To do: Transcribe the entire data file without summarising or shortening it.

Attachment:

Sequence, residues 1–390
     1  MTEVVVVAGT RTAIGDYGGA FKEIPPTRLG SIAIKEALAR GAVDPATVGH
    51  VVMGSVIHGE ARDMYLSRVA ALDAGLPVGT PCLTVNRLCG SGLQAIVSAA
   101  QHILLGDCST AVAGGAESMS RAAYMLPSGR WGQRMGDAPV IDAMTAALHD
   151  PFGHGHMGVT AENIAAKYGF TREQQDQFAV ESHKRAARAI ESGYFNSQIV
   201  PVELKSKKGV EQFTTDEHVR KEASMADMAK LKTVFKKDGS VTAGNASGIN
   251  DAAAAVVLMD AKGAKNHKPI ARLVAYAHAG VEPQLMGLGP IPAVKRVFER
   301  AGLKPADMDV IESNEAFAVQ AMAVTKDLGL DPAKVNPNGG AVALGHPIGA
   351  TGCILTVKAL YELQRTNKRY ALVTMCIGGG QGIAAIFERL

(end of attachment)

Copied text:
Sequence, residues 1–390
     1  MTEVVVVAGT RTAIGDYGGA FKEIPPTRLG SIAIKEALAR GAVDPATVGH
    51  VVMGSVIHGE ARDMYLSRVA ALDAGLPVGT PCLTVNRLCG SGLQAIVSAA
   101  QHILLGDCST AVAGGAESMS RAAYMLPSGR WGQRMGDAPV IDAMTAALHD
   151  PFGHGHMGVT AENIAAKYGF TREQQDQFAV ESHKRAARAI ESGYFNSQIV
   201  PVELKSKKGV EQFTTDEHVR KEASMADMAK LKTVFKKDGS VTAGNASGIN
   251  DAAAAVVLMD AKGAKNHKPI ARLVAYAHAG VEPQLMGLGP IPAVKRVFER
   301  AGLKPADMDV IESNEAFAVQ AMAVTKDLGL DPAKVNPNGG AVALGHPIGA
   351  TGCILTVKAL YELQRTNKRY ALVTMCIGGG QGIAAIFERL